A bright young fellow told the anecdote at a dinner party. I borrow it for the occasion.
A self-making man in process of manufacture, dined with a more sophisticated friend at a city restaurant. When the soup was brought on, the S. M. M. prepared for business by laying a slice of bread on the cloth, and troweling it with butter. His host, who had been requested by the guest to "coach him a little in city ways," said mildly:
"That isn't quite the thing, old man! Break off a bit of bread and butter it, as you wish to eat it."
"All right!" said the other, "I want to know about the latest touches."
His next solecism was to fish up a bit of meat from the dish with his own fork, and his friend again set him right. Blunder No, 3 was putting his knife into his mouth; No. 4 was cutting up his salad; No. 5, sandwiching cheese between two crackers and crunching it noisily; No. 6 was creaming black coffee.
"I say!" he broke in at this point, still good-humoredly, "what do you call all these fool rules you've been telling me? I s'pose a fellow ought to know something about them. But they come hard, at first."
"I suppose," said the mentor, somewhat nonplussed, "that they may all be classed under the head of table etiquette."
"Et-er-ket!" slowly and thoughtfully. "Well, I say, old fellow - there ain't many that has got on to it yet - is there?"
Resisting the temptation to dwell upon the many who never "get on to it," let us look for the commonsensible basis of certain minor social usages which are accepted as matters of course by well-bred people, and contemned by the boorish and ignorant as "fool rules" that hamper personal liberty.
Few conventionalities are arbitrary. Most of them are reasonable, many so just as to be binding upon the lovers of decency and order, not to say healthfulness.
To carry food to the mouth with the knife-blade is awkward, and if the knife have an edge, unsafe. If I were at the point of death, I should laugh and blush together at the memory of the commotion excited in a London family hotel last year by the exclamation of an American tourist who jumped up from the dinner-table and clapped his napkin to his mouth with - "Waiter! Never put a sharp knife at my place again! I have cut my mouth badly! It might have done serious harm!"
The rule against touching fish with a knife dates back to a time when steel knives were in general use. Steel imparts an unpleasant taste to the more delicate kinds of cooked fish. Hence, the custom of leaving the knife beside the plate, and using the fork alone during the fish course.
A like rule obtains with regard to salads. To cut is to bruise the tender esculents, and to injure the flavor. The leaves of lettuce should be torn apart in preparing it for the table, with as little handling as possible, and eaten as soon as the salad is dressed. Other salads - as beets, celery, etc., are cut up and ready for eating when sent to table. To use the knife upon them is a reflection upon cook and host.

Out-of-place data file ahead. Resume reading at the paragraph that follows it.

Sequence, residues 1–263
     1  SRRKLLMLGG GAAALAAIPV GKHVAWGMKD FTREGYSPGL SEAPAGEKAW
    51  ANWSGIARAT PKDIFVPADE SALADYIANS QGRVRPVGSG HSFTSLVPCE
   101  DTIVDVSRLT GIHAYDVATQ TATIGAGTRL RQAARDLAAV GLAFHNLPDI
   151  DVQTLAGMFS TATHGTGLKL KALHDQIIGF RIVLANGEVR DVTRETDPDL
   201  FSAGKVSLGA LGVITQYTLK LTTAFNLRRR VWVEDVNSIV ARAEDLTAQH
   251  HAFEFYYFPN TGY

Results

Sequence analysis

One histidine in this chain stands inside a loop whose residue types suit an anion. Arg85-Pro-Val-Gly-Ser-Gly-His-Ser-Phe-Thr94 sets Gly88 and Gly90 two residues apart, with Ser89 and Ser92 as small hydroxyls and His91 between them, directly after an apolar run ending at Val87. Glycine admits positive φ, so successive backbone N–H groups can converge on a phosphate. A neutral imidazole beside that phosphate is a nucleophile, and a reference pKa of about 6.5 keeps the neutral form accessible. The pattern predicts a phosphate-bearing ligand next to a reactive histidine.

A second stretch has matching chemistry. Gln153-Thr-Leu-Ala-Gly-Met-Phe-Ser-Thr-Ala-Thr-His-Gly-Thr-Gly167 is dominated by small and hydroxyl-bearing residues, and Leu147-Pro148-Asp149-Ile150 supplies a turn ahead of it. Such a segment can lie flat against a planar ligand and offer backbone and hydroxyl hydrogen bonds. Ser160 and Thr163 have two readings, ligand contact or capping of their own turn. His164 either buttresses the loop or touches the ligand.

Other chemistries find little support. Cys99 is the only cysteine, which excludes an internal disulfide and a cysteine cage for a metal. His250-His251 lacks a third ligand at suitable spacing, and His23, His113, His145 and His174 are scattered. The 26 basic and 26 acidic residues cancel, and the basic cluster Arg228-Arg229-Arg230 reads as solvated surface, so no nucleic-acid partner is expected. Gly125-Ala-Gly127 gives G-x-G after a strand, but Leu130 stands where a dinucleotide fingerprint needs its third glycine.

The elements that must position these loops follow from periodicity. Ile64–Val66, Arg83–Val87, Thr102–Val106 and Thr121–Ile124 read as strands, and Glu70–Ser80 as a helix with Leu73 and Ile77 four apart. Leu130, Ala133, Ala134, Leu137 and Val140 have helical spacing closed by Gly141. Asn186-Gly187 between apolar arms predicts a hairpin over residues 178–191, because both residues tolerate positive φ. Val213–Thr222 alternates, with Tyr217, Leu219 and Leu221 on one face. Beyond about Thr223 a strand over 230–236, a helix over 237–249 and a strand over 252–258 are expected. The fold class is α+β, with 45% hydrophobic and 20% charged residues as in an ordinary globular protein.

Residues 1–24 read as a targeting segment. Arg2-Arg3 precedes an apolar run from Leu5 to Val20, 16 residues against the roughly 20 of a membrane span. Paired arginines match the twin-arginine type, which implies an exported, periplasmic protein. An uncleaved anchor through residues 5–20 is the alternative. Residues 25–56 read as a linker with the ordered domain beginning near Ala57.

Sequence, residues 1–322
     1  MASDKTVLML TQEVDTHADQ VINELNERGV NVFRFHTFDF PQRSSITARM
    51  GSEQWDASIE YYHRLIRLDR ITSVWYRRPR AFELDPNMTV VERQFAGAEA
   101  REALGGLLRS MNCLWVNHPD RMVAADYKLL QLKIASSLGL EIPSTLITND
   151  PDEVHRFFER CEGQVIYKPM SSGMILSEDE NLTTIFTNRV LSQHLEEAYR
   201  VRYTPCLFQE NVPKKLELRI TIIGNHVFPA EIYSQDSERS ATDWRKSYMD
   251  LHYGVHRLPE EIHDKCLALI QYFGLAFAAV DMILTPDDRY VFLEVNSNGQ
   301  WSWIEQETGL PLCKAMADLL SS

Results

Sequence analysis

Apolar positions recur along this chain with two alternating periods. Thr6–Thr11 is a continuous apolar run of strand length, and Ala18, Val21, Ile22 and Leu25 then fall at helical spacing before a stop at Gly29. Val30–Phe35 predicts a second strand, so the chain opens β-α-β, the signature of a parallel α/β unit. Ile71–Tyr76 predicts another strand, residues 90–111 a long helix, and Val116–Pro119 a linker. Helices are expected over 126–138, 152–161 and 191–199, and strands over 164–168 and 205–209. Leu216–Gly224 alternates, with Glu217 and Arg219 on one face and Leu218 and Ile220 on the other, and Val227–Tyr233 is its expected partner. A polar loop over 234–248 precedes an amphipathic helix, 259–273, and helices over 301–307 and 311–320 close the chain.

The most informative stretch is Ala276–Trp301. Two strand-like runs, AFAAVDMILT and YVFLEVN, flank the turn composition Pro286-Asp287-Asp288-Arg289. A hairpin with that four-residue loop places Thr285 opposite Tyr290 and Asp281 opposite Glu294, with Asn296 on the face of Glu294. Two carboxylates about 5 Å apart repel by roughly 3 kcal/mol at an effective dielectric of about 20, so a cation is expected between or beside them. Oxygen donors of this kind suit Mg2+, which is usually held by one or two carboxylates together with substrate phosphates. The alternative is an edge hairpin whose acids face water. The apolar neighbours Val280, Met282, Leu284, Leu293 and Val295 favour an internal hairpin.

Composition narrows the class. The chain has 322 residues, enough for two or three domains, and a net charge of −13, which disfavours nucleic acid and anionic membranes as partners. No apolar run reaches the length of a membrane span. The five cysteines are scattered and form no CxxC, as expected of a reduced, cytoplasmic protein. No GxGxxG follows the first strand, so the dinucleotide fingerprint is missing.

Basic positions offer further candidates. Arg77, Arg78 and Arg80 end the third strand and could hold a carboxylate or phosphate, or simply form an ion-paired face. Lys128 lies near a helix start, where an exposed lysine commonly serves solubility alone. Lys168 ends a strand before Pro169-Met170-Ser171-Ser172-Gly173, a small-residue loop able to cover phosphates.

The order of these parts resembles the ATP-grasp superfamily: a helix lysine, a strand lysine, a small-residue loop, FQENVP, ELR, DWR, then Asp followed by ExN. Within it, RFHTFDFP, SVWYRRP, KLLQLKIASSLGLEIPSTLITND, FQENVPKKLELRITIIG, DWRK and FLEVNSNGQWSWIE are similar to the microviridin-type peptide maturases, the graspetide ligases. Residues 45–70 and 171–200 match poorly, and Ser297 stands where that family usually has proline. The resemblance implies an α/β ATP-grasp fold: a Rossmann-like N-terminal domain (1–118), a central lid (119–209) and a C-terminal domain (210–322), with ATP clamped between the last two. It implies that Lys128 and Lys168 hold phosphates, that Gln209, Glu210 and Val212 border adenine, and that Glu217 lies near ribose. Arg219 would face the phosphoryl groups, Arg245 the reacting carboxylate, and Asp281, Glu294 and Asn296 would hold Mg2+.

To butter a whole slice of bread at once - especially when it is laid on the table in order to do it - is slovenly, wasteful and awkward. If eaten as a whole, one must gnaw or nibble at it, and to cut it after it is buttered is neither neat nor convenient. The fashion of finger-bowl and napkin would seem to commend itself to everybody as eminently cleanly and comfortable. Yet there are still well-to-do people who sneer at the idea of "doing one's washing at the table."
The by-law obeyed by the transient guest who lays his napkin carelessly on the table when the meal is over, instead of folding it, is easily understood. To fold it implies that it may be used again before it is washed.
"Mr. Blank has no napkin, James!" said a hostess of the nouveau riche order, to her butler.
"I beg pardon!" interposed the guest, lifting a corner of the napkin from his knee that she might see her mistake. "I have one."
"Ah!" with an apologetic smile. "I saw that you did not have it on!"
To tuck the napkin into the collar, or pin it around the neck before attacking one's food may be a wise precaution if one has never learned to convey it to the mouth without dropping or dripping it. Gentlemen are supposed to have put away bibs with other childish things. The suggestion of putting a napkin "on" is not agreeable. The place for the useful bit of fine linen is on the knee or lap, out of sight of fellow-eaters.
Black coffee in after-dinner coffee cups is a digestive agent - a gastronomic expletive - not a beverage. To cream it is to pervert its meaning, and to defeat the end for which it is served. It is well known that the addition of cream or milk to coffee causes a chemical change in both ingredients. To some stomachs creamed coffee, or cafe au lait, is poisonous. Clear black coffee is a tonic, and agrees with everybody.
To toss off a glass of water as soon as one sits down to a meal is an infringement of table-etiquette. Those who recognize the fact do not always bethink themselves of the reason lying back of the "fool rule." To fill the stomach with iced water is to check the process of digestion temporarily. To add to the water a plateful of hot soup is to disgust the diaphragm by a load of lukewarm liquid, very like the dish-water in the pan of an untidy scullion.
I might go on, ad infinitum, multiplying instances of what are sneered at by the untaught and unthinking slaves of their own prejudices as foolish and useless limitations to a man's right to eat, drink and make merry after his own fashion. Which - I may observe - is usually the fashion of the beasts that perish.
Enough has been said to give credit to the sagacity and humanity of those who set the pace for our better classes - better in so far as they conserve the best interests of the race, and lend countenance to all that is kindly, wholesome and comely.